Wonderful Engineering

This Amazing Optical Illusion Makes Flat Objects Look 3D

This is a picture of a pile of coins sitting on a 3D cube. Were you thinking the same? Well, it is not. Everything on this table is not what you think you are seeing and this is a simple ‘anamorphic’ illusion. This mind twisting illusion shows a flat object that looks distorted from most angles but aligns to form a perfect cube shape when viewed from one position.

Sage Hansen, created a video from his home in Texas on 10 December. Hansen is a 3D animator, he said, “I created a virtual cube and camera angle in my 3D software. I then started to draw lines at random positions and angles until they aligned in the camera’s perspective. I then extruded the lines to make them thicker and rounded off the corners to soften the lighting. I then printed the object on my 3D printer.”

The boxes only appear real when filmed at a certain angle. The moment you move, the image becomes distorted and the viewer can see it is an illusion.

The 3D designing took Hansen around two and a half hours per cube. “I have always enjoyed seeing forced perspective chalk art,” he said. “I got my first 3D printer in 2014. The printers have come a long way in a short time and they have made many improvements so I got my current 3D printer in 2016. This idea for the illusion cubes came to me in the middle of the night and when I woke up and started to search online and didn’t see this. I knew it would be a fun challenge for me to create.”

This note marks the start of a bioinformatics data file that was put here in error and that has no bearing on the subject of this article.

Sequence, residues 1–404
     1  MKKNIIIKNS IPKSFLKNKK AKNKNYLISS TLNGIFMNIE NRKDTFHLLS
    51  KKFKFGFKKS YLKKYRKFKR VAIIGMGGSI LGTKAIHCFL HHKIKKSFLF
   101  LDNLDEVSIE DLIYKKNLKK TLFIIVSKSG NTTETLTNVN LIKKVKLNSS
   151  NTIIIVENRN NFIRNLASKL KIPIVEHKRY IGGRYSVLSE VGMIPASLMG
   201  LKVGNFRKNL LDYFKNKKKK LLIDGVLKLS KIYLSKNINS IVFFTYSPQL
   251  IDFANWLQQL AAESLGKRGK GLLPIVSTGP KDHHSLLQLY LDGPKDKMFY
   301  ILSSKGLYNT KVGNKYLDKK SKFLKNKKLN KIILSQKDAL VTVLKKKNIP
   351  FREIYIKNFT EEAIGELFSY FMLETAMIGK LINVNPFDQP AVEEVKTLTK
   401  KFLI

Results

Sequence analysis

The system of perspective is a relatively recent discovery in art history. Before the 14th century, little to no attempts were made to realistically depict the three-dimensional world in the art in the way in which we are now accustomed to seeing it.

The prehistoric cave paintings at Lascaux may be the first examples of anamorphosis because the oblique angles of the cave would otherwise result in distorted figures from a viewer’s perspective. However, Leonardo da Vinci was the earliest known modern artist to use anamorphosis in 1485.

Possibly the most famous of this mechanism is Hans Holbein the Younger’s painting. The Ambassadors. When viewed face-on, the painting features a distorted shape lying diagonally across the bottom of the frame. However, viewing the painting from an acute angle transforms it into the image of a skull.